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Race Track Casinos Gain in Popularity Nationwide16 June 2010
Racetrack casinos, a tax revenue generating component in 12 states, out-performed the gaming industry as a whole for the second straight year according to figures in the newly released 2010 State of the States report compiled by the American Gaming Association.
While overall revenue from gaming in 2009 declined by 5.5 per cent, consumer spending at racetrack casinos rose five per cent. The increase was fueled in part by the first full year of operation of the two Indiana racetrack casinos located in Anderson and Shelbyville.
Six racetrack casinos in Pennsylvania generated $1.579 billion in gross revenue, of which $742.69 million was distributed to state and local government. The eight 'racino' operations in New York showed $1.019 billion in gross revenue and $455.48 million in tax revenue.
The other states which have operating racetrack casinos are Delaware, Florida, Iowa, Louisiana, Maine, New Mexico, Oklahoma, Rhode Island and West Virginia.
Which brings us to the question of whether or not horse racing and casino gambling under one roof are a good mix, or are racetrack casinos merely a convenient way to expand state regulated gaming?
Certainly horse racing has everything to gain and nothing to lose. A portion of the revenues generated by the casino gambling component of racino operations go toward supporting horse racing programs.
Pari-mutuel wagering on horse races and casino style gambling are entirely different activities. One of the great appeals of betting on horse racing is the cerebral input that serious handicappers use to select winners. Computer programs and the availability of advanced statistical information make pari-mutuel wagering a studious pursuit in contrast to the 100 percent luck factor associated will all casino games with the exception of blackjack and poker.
Long before the popularity of casino gambling as a recreational and leisure-time activity, before there were state-sanctioned lotteries and Internet gambling, before college and pro-sports dominated office-run betting pools, horse racing reigned supreme as the entertainment of choice for people with an inclination to place a bet.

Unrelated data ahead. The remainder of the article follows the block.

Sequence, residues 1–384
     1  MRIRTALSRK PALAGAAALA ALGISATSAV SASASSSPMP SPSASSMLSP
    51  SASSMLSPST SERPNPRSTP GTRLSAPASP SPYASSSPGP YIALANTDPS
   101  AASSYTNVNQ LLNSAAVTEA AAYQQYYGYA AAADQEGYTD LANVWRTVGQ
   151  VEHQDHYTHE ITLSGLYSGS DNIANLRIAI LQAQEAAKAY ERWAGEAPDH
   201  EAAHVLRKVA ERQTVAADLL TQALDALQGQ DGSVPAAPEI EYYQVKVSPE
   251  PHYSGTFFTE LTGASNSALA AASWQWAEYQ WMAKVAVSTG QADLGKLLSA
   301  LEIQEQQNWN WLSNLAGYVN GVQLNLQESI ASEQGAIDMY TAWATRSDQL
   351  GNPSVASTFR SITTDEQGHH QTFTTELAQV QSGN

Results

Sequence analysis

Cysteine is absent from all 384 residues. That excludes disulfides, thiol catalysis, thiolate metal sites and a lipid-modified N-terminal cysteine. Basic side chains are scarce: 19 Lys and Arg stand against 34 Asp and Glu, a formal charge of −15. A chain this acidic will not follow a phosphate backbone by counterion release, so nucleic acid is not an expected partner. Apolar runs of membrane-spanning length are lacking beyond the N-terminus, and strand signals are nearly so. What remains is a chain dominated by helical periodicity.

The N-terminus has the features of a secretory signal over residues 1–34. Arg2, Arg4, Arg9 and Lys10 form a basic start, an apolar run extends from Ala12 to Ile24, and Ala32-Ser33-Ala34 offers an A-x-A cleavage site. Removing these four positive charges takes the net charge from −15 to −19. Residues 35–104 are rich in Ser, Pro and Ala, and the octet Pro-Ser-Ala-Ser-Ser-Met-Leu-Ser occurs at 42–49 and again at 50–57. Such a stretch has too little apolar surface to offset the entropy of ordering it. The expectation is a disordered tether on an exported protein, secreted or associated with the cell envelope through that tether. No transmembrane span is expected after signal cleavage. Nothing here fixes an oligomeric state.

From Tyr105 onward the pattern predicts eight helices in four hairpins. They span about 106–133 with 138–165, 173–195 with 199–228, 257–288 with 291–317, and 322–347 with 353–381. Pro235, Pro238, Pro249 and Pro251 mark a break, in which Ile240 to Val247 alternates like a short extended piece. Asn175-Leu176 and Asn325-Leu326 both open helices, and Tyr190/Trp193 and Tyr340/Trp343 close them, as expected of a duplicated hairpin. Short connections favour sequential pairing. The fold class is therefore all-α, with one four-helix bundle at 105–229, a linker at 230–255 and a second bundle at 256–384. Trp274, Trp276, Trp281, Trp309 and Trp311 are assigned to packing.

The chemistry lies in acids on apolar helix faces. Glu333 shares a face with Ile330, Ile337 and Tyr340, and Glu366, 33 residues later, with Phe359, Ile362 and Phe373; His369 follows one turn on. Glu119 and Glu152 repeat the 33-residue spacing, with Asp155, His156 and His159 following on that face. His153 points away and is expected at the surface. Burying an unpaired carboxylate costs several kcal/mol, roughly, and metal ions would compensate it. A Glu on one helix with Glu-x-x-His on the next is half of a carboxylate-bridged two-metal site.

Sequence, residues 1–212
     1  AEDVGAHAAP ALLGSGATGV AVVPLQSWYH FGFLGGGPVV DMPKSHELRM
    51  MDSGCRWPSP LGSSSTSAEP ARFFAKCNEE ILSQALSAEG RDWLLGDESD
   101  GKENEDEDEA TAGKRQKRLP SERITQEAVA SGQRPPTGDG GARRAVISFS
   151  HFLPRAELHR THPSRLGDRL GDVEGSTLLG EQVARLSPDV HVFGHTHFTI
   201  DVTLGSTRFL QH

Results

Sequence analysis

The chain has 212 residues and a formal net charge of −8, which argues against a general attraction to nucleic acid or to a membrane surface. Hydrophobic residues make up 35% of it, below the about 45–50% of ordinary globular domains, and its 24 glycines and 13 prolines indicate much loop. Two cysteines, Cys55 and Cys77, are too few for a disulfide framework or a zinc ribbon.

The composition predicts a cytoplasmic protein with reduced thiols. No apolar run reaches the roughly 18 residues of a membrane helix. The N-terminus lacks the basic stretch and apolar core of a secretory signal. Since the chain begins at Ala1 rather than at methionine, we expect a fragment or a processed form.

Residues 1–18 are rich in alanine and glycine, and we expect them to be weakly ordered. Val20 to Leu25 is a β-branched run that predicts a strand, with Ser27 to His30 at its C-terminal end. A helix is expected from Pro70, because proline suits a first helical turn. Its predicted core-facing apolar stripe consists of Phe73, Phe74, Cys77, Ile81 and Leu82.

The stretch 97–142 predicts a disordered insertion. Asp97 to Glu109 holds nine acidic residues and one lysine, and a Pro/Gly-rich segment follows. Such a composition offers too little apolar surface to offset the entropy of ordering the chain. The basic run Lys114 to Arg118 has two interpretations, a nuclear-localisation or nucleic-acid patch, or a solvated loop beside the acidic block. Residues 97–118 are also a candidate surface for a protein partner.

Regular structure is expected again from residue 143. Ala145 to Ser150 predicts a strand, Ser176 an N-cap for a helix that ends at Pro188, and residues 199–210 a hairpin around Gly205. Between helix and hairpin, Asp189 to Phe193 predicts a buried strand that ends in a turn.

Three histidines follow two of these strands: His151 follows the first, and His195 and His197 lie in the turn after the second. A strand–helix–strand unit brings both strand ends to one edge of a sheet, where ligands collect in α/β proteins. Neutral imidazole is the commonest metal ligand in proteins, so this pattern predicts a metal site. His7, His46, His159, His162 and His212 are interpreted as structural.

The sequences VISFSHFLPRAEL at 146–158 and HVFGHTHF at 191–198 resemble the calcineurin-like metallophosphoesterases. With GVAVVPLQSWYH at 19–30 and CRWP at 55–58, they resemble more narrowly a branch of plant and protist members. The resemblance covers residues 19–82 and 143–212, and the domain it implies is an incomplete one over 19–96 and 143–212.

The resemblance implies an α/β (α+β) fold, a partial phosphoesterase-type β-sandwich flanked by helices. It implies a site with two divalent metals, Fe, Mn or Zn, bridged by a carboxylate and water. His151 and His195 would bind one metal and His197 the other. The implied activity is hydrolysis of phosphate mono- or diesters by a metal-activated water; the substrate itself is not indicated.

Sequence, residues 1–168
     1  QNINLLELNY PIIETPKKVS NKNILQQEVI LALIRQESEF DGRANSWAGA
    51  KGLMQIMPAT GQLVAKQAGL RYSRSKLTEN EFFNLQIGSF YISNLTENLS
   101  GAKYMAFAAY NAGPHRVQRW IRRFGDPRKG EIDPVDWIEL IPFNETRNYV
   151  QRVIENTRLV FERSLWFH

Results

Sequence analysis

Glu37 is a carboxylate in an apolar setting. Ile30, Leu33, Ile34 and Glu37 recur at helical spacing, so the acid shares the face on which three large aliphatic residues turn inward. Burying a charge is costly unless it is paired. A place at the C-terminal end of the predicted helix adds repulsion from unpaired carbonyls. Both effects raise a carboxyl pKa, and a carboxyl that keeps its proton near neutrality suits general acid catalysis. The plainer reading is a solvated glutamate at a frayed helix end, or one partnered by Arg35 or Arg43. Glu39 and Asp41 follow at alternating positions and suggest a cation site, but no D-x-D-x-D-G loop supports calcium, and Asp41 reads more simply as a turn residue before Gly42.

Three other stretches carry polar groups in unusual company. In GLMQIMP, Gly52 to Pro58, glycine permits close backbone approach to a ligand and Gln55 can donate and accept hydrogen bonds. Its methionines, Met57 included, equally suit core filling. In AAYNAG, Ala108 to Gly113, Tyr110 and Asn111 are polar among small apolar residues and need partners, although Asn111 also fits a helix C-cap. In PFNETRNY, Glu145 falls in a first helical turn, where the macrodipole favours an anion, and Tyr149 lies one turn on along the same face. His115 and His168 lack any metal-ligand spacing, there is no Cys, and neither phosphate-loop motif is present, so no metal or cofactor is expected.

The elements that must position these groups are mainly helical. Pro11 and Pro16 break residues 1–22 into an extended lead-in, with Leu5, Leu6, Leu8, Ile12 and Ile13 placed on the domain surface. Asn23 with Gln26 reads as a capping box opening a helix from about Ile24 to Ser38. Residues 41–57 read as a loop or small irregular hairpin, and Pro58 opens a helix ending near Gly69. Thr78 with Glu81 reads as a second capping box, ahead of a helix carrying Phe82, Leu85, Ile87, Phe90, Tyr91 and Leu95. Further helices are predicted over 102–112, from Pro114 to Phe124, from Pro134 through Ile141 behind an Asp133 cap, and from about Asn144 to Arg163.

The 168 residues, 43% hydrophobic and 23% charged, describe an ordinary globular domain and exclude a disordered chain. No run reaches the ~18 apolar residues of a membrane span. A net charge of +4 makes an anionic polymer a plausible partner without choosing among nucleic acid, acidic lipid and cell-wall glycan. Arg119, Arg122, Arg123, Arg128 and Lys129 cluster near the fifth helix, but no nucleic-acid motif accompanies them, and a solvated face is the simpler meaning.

Horse racing was covered in the media as a major sport on a daily basis. Every newspaper had a "beat" reporter in the press box filing stories for every edition. The results of the "Daily Double" were printed on the front page of the afternoon news sections. The first late morning edition was called the "turf" edition because it had the late scratches from tracks around the country.
Horse racing was a fact of life in America. It enjoyed a reputation as the nation's No. 1 spectator sport for decades. Racetrack grandstands in major cities were filled to overflowing on weekends and holidays.
Betting on horse races on-site was legal in all states with pari-mutuel wagering legislation, but even kids back in horse racing's hey-day knew that all book makers didn't work in binderies. Friendly neighborhood bookies could be easily accessed at corner newsstands, tobacco shops, bars, restaurants and even the work place.
So what happened? Competition for America's entertainment (and gambling) dollar, that's what! State lotteries, casinos, the proliferation of motor sports, in-home entertainment outlets such as VCRs and DVDs, the Internet and the expansion of other sports and the duration of their seasons have all helped to push horse racing out of the limelight it once enjoyed.
In some respects, horse racing has also been forced to play second fiddle to sports betting. Despite the fact that wagering on the outcome of athletic events is illegal in every state except Nevada, newspapers everywhere are loaded with odds tables, point spreads, injury reports and other information pertinent to wagering on football, basketball, baseball, etc. The majority of the newspapers' readers are not placing their bets at the sports books of Las Vegas but with their local bookies or on the "net".
Racinos just may be the horse racing industry's only way to fight back.
This article is provided by the Frank Scoblete Network. Melissa A. Kaplan is the network's managing editor. If you would like to use this article on your website, please contact Casino City Press, the exclusive web syndication outlet for the Frank Scoblete Network. To contact Frank, please e-mail him at email@example.com.
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John G. Brokopp
John G. Brokopp